On Sunday evening, CNN held a Democratic Town Hall in Ohio ahead of Tuesday’s big primaries. One standout moment included Bernie Sanders calling Donald Trump “a pathological liar” after Trump blamed Sanders and Hillary Clinton for the Chicago protests. An even more substantive section involved Clinton’s capital punishment stance. While on the campaign trail last fall, she spoke against abolishing the death penalty, which she maintained should be used in “certain egregious cases.” Clinton urged the federal government to examine how the penalty is applied too often and sometimes with discrimination. Her stance set her apart from Sanders, who wishes to abolish the death penalty altogether.
At the town hall, an undecided voter named Ricky Jackson confronted Clinton. Jackson, who spent 39 years in prison for a murder he did not commit, explained his experiences on death row. He was wrongfully convicted of killing a salesman based upon the (later-retracted) testimony of a 12-year-old witness. After losing nearly four decades of his life, Jackson came “perilously close” to being executed, but was freed in 2014 thanks to efforts by an activist group. Jackson asked Clinton to explain how she can justify supporting the death penalty while knowing about the documented cases of innocent people being convicted. Here’s how she responded:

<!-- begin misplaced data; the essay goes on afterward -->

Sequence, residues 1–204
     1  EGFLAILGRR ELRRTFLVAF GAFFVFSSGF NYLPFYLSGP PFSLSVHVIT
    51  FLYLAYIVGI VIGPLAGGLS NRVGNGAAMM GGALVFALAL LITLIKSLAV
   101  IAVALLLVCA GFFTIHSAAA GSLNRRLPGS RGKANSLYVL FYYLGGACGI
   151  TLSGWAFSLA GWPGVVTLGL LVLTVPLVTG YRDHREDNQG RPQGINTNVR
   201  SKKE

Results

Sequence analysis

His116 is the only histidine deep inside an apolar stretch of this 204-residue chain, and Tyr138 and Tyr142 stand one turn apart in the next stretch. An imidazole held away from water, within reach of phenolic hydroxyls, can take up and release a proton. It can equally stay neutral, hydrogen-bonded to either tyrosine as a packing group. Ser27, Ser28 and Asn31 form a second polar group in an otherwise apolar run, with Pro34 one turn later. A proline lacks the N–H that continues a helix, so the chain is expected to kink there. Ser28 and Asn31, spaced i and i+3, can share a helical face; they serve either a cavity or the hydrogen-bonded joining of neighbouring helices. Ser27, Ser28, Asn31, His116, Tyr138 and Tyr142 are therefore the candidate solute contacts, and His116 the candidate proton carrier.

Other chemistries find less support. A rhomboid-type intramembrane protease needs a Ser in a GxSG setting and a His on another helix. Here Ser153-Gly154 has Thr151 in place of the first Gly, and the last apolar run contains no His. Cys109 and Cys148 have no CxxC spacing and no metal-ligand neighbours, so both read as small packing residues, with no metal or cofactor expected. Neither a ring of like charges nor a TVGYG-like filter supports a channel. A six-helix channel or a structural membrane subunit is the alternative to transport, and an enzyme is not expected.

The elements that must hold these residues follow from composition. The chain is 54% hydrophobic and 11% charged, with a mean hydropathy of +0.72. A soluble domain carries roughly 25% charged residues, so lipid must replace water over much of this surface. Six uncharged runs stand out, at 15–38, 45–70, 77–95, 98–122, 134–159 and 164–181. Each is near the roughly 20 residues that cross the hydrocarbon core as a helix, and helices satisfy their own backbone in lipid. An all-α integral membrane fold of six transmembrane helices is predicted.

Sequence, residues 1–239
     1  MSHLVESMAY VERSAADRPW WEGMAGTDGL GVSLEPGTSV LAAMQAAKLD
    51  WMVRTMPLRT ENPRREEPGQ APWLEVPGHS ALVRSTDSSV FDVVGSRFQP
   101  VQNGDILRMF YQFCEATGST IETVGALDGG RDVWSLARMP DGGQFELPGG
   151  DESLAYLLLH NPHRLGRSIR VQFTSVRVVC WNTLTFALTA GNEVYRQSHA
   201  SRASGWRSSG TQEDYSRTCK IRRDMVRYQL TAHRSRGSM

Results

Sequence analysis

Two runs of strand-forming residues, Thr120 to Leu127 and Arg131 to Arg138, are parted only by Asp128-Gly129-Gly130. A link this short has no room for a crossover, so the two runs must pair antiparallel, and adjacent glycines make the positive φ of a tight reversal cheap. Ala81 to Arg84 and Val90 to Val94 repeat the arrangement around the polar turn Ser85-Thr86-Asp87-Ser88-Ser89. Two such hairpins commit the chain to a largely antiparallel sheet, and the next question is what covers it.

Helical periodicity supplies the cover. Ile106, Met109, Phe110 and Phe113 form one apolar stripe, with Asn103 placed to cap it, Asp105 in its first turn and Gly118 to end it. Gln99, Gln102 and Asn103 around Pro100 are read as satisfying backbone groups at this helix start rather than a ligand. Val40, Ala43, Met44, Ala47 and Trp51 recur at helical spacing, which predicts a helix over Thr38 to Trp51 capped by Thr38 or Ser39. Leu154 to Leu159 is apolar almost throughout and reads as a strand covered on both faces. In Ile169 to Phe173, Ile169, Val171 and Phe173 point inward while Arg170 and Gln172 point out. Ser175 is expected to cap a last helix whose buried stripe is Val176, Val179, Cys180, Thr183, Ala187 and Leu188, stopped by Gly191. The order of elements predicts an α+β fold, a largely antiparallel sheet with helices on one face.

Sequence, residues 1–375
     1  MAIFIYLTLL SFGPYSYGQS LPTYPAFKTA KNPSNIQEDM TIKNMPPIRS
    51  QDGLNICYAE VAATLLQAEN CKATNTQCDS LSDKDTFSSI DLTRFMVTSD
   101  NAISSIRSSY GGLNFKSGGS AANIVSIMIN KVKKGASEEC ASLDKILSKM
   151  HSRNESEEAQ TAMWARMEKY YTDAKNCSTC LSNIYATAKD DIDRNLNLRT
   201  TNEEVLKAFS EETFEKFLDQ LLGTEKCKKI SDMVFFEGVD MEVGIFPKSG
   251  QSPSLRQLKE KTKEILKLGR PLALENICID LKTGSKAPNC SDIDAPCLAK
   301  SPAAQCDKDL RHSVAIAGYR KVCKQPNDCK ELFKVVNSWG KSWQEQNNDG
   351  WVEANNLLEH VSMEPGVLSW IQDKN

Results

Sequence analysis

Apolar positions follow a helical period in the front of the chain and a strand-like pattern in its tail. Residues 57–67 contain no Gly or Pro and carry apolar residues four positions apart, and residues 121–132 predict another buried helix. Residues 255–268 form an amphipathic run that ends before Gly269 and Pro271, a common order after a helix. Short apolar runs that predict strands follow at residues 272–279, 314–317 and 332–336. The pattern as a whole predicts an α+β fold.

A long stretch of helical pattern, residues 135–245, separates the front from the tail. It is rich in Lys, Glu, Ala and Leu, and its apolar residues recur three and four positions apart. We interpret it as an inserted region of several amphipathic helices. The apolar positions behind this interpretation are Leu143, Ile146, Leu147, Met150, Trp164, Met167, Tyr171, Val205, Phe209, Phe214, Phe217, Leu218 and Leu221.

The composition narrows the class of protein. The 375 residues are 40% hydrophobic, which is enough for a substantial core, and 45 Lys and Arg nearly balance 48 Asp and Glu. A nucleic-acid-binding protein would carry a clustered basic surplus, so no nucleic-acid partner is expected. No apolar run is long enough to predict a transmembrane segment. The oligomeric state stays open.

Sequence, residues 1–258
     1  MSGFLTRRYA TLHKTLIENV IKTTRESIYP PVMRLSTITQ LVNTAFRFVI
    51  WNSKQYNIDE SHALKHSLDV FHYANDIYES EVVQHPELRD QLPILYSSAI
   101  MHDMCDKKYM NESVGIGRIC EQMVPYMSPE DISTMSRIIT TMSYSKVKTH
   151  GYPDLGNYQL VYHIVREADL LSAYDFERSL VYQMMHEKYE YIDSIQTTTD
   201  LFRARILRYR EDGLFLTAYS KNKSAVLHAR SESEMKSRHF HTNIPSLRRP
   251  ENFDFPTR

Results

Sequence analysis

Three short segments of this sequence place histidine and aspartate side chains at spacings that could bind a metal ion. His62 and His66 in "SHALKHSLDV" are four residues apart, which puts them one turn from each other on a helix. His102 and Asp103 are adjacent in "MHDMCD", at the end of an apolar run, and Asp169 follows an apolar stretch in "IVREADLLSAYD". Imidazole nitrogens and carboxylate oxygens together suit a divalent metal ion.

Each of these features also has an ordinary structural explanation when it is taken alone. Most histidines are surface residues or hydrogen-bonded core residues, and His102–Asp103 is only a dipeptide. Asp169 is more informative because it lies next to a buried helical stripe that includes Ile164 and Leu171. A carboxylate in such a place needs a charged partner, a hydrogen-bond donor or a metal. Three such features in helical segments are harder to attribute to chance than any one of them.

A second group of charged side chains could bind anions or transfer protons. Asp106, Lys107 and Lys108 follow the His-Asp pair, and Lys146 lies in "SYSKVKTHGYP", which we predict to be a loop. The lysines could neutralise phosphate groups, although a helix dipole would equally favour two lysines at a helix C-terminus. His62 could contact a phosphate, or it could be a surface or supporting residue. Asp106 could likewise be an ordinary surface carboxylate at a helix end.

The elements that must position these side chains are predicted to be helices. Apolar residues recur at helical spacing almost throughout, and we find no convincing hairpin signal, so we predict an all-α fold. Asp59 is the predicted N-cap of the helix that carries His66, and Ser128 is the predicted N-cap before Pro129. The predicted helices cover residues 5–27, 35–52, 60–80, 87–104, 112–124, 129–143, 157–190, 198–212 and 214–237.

“That’s the exception that I really am struggling with and would only be in the federal system, but what happened to you was a travesty, and I can’t even imagine what you went through and how terrible those days and nights must have been all those years, and I know all of us are so regretful that you or any person has to go though what you did.”
Clinton admitted struggling with the concept of the death penalty, and she addressed the difficulty of answering the question in such a public forum. She still supports capital punishment, but believes states aren’t capable of conducting fair trials. For this reason, she believes the death penalty should be limited to federal rule and only for “horrific mass killings” such as the 1995 Oklahoma City Bombing or other instances of terrorism.